Navigators support historically uninsured populations in accessing health care by providing insurance enrollment support and education, helping with denied claims, and assisting with more complex needs such as language translation. Yet the work of Navigators remains undervalued, and we wanted to learn how Navigators and the organizations they work for do this equity work with limited budgets and political support.  

What We Found

In 2020, we interviewed 24 directors and other professionals at organizations funded as federally certified Navigator Programs. Through these interviews, we learned more about the work Navigators do and how organizations have strategized to continue providing services despite severe funding cuts. Specifically, we learned:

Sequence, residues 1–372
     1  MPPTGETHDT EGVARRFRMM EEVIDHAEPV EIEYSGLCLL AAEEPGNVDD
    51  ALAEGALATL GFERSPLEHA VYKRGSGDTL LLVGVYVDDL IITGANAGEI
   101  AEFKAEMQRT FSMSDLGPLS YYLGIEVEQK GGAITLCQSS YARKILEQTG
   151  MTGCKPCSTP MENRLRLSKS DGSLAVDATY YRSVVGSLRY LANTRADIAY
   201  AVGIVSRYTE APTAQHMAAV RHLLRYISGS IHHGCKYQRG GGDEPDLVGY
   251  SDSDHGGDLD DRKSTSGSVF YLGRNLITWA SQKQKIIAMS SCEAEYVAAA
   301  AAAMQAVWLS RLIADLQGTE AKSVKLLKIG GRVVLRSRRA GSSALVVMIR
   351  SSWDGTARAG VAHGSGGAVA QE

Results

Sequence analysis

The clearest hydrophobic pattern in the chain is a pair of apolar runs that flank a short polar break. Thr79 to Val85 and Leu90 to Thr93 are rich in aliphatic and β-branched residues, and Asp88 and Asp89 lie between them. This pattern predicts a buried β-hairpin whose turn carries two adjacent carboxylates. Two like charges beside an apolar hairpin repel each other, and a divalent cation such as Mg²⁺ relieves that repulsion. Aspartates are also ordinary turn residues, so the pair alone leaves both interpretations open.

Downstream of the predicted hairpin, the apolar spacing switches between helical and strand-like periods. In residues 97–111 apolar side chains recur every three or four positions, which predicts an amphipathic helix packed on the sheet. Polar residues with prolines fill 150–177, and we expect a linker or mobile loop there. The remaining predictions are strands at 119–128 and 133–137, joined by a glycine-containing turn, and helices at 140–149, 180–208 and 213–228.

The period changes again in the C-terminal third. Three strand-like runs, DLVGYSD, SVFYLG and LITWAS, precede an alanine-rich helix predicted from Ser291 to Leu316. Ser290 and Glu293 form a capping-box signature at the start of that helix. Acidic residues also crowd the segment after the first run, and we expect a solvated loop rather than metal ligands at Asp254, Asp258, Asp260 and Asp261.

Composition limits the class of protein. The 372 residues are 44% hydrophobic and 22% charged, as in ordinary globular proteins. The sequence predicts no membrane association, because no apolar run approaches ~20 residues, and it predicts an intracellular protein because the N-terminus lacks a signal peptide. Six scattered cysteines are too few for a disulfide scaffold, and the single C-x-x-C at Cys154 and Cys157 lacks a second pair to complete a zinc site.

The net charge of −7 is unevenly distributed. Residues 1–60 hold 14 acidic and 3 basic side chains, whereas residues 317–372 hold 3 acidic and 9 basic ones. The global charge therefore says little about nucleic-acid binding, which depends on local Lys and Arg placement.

• Navigators’ equity work goes beyond their required enrollment responsibilities due to gaps in the system. Navigators spoke of the ways they provided comprehensive support to clients who faced multiple barriers in navigating the health system and had complex social needs. They described the importance of doing “a lot of legwork” up front as part of helping consumers enroll in insurance, manage the inadequacies of the health system, and use their insurance post enrollment. They addressed technology barriers and helped people get medication covered or find a new provider, and handle denied claims. Beyond such support, Navigators also offered additional social and health referrals, including to housing, legal services, and food banks.